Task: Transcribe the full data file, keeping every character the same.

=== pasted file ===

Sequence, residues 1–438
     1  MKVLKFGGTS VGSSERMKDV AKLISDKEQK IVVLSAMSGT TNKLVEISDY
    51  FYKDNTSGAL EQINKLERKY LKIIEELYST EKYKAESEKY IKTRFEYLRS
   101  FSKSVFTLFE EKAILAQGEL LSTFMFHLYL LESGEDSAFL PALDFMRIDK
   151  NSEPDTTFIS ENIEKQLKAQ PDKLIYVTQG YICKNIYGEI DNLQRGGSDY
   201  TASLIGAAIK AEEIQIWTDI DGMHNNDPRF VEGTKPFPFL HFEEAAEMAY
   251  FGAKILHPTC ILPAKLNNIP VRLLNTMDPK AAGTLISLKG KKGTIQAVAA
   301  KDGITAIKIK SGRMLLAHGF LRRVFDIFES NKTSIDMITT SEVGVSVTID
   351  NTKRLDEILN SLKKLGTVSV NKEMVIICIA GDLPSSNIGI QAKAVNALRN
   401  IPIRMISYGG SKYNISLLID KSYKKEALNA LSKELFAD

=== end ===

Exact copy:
Sequence, residues 1–438
     1  MKVLKFGGTS VGSSERMKDV AKLISDKEQK IVVLSAMSGT TNKLVEISDY
    51  FYKDNTSGAL EQINKLERKY LKIIEELYST EKYKAESEKY IKTRFEYLRS
   101  FSKSVFTLFE EKAILAQGEL LSTFMFHLYL LESGEDSAFL PALDFMRIDK
   151  NSEPDTTFIS ENIEKQLKAQ PDKLIYVTQG YICKNIYGEI DNLQRGGSDY
   201  TASLIGAAIK AEEIQIWTDI DGMHNNDPRF VEGTKPFPFL HFEEAAEMAY
   251  FGAKILHPTC ILPAKLNNIP VRLLNTMDPK AAGTLISLKG KKGTIQAVAA
   301  KDGITAIKIK SGRMLLAHGF LRRVFDIFES NKTSIDMITT SEVGVSVTID
   351  NTKRLDEILN SLKKLGTVSV NKEMVIICIA GDLPSSNIGI QAKAVNALRN
   401  IPIRMISYGG SKYNISLLID KSYKKEALNA LSKELFAD